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INTRODUCTION

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Transporters are membrane proteins that are present in all organisms. These proteins control the influx of essential nutrients and ions and the efflux of cellular waste, environmental toxins, drugs, and other xenobiotics (Figure 5–1), consistent with their critical roles in cellular homeostasis, ~2000 genes in the human genome, ~7% of the total number of genes, code for transporters or transporter-related proteins. The functions of membrane transporters may be facilitated (equilibrative, not requiring energy) or active (requiring energy). In considering the transport of drugs, pharmacologists generally focus on transporters from 2 major superfamilies, ABC (ATP binding cassette) and SLC (solute carrier) transporters.

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Figure 5–1

Membrane transporters in pharmacokinetic pathways. Membrane transporters (T) play roles in pharmacokinetic pathways (drug absorption, distribution, metabolism, and excretion), thereby setting systemic drug levels. Drug levels often drive therapeutic and adverse drug effects.

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Most ABC proteins are primary active transporters, which rely on ATP hydrolysis to actively pump their substrates across membranes. Among the best recognized transporters in the ABC superfamily are P-glycoprotein (Pgp, encoded by ABCB1, also termed MDR1) and the cystic fibrosis transmembrane regulator (CFTR, encoded by ABCC7). The SLC superfamily includes genes that encode facilitated transporters and ion-coupled secondary active transporters. Forty-eight SLC families with ~315 transporters have been identified in the human genome. Many SLC transporters serve as drug targets or in drug absorption and disposition. Widely recognized SLC transporters include the serotonin transporter, SERT, and the dopamine transporter, DAT, both targets for antidepressant medications.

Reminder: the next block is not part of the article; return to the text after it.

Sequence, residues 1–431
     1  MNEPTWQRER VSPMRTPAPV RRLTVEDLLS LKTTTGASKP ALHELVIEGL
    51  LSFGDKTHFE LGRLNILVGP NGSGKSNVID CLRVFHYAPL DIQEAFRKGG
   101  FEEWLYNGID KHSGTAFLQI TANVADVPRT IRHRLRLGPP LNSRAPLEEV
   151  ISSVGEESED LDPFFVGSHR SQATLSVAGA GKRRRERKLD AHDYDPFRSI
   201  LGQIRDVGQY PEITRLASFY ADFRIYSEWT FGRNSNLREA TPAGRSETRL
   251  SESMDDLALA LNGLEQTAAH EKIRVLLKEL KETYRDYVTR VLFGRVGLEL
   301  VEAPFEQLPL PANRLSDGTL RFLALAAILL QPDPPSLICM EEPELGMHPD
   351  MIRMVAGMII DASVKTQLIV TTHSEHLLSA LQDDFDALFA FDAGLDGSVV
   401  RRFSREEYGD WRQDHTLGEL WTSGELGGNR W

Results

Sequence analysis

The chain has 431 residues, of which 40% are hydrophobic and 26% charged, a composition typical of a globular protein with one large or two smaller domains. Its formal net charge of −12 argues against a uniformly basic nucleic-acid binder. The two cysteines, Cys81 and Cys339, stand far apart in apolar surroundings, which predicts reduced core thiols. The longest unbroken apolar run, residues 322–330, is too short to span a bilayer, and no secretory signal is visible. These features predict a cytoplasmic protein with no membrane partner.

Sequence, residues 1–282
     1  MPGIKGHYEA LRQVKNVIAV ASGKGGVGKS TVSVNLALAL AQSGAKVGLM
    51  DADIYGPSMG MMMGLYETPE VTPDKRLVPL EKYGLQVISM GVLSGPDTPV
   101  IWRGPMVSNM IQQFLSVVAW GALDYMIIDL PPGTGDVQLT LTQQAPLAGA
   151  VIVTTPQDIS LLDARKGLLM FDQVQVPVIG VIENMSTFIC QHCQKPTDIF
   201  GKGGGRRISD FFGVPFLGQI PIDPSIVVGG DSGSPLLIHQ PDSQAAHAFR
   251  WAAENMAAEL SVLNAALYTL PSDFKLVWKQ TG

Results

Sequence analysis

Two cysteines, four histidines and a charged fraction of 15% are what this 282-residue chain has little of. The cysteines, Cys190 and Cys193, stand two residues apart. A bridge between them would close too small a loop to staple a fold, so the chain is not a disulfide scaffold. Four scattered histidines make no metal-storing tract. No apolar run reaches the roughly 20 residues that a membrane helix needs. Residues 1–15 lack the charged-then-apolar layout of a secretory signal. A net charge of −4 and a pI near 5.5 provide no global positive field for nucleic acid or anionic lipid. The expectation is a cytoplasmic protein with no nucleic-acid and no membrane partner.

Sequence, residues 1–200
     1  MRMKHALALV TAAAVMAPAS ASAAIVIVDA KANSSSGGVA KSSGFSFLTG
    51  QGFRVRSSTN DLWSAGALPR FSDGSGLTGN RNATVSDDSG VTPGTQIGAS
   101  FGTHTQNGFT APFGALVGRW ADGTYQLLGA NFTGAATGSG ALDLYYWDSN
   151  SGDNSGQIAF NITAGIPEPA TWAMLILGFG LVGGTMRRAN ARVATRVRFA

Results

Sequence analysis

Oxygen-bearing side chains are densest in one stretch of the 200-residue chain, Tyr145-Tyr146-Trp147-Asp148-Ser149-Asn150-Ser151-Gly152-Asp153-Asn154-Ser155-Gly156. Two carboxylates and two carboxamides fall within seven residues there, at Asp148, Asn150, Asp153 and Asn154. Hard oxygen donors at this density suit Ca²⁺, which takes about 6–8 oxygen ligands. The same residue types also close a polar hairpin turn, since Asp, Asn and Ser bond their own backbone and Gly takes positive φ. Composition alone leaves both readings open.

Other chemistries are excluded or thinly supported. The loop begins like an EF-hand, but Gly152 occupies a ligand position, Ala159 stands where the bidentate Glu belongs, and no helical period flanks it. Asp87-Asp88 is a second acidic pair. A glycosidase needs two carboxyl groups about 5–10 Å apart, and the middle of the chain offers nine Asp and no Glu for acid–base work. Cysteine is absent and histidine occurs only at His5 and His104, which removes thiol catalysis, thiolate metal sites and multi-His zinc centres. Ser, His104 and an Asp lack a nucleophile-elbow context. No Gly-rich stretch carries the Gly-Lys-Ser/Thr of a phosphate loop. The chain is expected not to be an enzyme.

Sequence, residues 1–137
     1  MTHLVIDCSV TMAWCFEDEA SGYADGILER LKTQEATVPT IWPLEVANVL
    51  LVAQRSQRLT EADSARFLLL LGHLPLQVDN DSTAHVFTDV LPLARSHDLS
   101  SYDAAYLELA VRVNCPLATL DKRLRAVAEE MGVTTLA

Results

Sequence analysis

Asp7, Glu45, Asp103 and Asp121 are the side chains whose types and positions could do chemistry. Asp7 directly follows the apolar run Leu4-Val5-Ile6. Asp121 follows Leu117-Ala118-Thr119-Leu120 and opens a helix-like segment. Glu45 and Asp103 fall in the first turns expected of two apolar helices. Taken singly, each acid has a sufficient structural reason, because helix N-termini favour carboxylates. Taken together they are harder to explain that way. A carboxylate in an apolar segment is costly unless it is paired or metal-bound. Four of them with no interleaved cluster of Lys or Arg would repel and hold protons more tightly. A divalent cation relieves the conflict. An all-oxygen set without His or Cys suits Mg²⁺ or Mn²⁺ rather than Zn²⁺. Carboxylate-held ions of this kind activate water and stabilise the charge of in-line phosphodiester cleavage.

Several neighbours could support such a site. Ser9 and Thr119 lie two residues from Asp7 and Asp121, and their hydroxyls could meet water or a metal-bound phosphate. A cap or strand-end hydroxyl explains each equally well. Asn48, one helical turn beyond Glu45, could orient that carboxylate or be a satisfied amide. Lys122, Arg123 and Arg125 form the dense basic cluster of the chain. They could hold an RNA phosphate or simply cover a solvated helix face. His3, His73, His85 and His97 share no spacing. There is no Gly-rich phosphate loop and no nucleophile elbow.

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MEMBRANE TRANSPORTERS IN THERAPEUTIC DRUG RESPONSES

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PHARMACOKINETICS. Transporters important in pharmacokinetics generally are located in intestinal, renal, and hepatic epithelia, where they function in the selective absorption and elimination of endogenous substances and xenobiotics, including drugs. Transporters work in concert with drug-metabolizing enzymes to eliminate drugs and their metabolites (Figure 5–2). In addition, transporters in various cell types mediate tissue-specific drug distribution (drug targeting). Conversely, transporters also may serve as protective barriers to particular organs and cell types. For example, P-glycoprotein in the blood-brain barrier protects the central nervous system (CNS) from a variety of structurally diverse drugs through its efflux mechanisms.

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Figure 5–2

Hepatic drug transporters. Membrane transporters (red ovals with arrows) work in concert with phase 1 and phase 2 drug-metabolizing enzymes in the hepatocyte to mediate the uptake and efflux of drugs and their metabolites.

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PHARMACODYNAMICS: TRANSPORTERS AS DRUG TARGETS. Membrane transporters are the targets of many clinically used drugs. SERT (SLC6A4) is a target for a major class of antidepressant drugs, the selective serotonin reuptake inhibitors (SSRIs). Other neurotransmitter reuptake transporters serve as drug targets for the tricyclic antidepressants, various amphetamines ...

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